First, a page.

When the day of Pentecost had come, they were all together in one place. (Acts 2:1)
It is painful that we cannot gather together today to celebrate the birthday of the Christian Church. Historically, Pentecost was second only to Easter as the high holy day of the Christian faith – even more important than Christmas. It is a day to be together, and yet this year it is a much greater witness of our faith to celebrate the day apart.
In the days of the early Christian movement, there was no greater witness to the faith than the willingness to make sacrifices for others. To lay down one’s life for another was viewed as the ultimate gift, on par with the death of Jesus on the cross. To do without that others might gain was the essence of the Christian faith. Certainly, we would love to be together on Pentecost, but not if it put anyone else at risk. In the first century, pestilence and illness were taken very seriously. A virus could literally wipe out a village, a town, or decimate a city. When people were sick, they were isolated. When they had contagious disease, they were quarantined. The early church did this because concern and care for others was the most important value defining the early movement.
Care for widows, orphans, the elderly and the infirm were basic expectations of every community. No one would have even considered putting a vulnerable person at risk. The purpose of most Christian households and communities were to care for those most at risk who could not care for themselves.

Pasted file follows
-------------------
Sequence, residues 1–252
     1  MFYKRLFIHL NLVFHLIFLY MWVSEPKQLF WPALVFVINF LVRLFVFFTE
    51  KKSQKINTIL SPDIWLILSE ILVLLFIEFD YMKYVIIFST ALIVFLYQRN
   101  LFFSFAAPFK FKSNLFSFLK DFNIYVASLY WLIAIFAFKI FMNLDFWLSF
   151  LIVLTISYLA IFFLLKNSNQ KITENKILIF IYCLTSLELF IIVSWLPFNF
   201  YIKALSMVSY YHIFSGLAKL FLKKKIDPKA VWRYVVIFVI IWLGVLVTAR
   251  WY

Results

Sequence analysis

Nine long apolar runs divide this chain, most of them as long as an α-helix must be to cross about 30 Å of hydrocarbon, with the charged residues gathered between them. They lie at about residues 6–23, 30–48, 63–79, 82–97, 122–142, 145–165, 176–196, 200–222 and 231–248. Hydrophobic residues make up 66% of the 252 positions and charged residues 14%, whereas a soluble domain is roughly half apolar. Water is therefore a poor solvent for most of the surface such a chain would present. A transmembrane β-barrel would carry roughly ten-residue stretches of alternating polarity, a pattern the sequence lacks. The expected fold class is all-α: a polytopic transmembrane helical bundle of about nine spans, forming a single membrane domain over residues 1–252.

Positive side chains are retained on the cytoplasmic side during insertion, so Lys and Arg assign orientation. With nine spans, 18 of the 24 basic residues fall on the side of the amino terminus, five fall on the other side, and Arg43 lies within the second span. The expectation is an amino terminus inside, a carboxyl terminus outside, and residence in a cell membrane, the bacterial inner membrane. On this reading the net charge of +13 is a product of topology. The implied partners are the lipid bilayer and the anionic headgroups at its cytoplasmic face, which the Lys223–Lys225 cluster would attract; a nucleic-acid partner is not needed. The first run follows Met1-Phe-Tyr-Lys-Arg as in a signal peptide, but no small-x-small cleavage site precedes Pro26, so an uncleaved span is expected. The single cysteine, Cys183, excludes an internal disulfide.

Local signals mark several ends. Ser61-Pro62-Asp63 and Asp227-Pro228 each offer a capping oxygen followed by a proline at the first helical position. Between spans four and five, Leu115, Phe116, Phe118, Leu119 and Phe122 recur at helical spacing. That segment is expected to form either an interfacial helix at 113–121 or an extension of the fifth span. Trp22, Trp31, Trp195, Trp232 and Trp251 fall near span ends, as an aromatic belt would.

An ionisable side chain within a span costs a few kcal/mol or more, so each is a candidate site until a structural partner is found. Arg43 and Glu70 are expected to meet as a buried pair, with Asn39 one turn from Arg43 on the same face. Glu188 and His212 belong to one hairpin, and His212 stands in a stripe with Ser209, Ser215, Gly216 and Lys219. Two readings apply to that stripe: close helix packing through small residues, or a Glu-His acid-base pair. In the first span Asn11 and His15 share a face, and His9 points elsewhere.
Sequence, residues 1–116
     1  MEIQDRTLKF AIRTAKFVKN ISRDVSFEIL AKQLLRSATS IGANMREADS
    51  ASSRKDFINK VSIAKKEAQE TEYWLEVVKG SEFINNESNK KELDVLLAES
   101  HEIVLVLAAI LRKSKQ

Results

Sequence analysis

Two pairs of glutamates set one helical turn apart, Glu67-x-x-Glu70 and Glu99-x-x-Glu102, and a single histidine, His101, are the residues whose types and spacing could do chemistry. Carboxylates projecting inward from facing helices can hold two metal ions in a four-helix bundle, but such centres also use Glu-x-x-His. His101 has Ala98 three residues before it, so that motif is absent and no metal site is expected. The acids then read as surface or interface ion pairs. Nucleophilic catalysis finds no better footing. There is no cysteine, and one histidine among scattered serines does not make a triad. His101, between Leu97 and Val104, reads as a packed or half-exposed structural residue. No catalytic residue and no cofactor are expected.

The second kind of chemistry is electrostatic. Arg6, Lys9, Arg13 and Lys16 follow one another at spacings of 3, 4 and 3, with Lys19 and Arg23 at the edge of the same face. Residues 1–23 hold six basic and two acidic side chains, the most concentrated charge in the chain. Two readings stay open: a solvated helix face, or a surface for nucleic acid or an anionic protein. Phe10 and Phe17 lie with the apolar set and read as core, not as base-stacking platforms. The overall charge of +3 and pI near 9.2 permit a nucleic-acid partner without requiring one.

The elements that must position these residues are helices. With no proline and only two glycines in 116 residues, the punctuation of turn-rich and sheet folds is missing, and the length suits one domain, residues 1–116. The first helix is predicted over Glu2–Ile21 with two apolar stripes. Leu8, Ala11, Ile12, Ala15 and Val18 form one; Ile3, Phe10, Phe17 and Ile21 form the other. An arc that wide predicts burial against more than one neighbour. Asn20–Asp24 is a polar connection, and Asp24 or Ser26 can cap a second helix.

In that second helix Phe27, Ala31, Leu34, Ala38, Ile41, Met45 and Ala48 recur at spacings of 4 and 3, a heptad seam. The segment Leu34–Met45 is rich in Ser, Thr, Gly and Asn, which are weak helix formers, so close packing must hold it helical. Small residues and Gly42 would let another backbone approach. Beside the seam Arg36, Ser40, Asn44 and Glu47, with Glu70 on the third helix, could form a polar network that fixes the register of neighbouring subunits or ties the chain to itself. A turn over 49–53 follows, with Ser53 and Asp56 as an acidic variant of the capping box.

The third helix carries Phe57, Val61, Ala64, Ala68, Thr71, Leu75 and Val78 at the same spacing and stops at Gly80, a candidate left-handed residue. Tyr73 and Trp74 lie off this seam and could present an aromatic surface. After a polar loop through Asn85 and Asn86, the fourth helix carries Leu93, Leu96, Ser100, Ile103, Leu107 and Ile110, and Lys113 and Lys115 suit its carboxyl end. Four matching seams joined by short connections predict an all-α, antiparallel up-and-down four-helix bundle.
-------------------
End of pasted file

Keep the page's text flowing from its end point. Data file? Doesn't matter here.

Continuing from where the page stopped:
Today, as we celebrate the birth of the church, let us not celebrate the birth of an institution or a building or a structure. Instead, let us celebrate the meaning of the church – to show our love for God and our commitment to Christ by the way we care for all of God’s children – feeding the hungry, clothing the naked, welcoming the stranger, and caring for the most vulnerable among us.
Thank you, O God, for teaching us to care. We are so thankful for your church, not as a place to go, but as the identity of who we are. Make us more loving, more giving, less selfish, and less indifferent. Inspire us to do whatever is within our power to show kindness, compassion, mercy, and forgiveness to those who need it most. Work the miracle of your Holy Spirit in our lives, that we might be your church for the world. We ask your blessing and strength. Amen.
Bishop Hee-Soo Jung has served as resident bishop of the Wisconsin Annual Conference since September of 2012. Prior to leading the Wisconsin Conference UMC, Bishop Jung served eight years as bishop of the Northern Illinois Conference (Chicago area).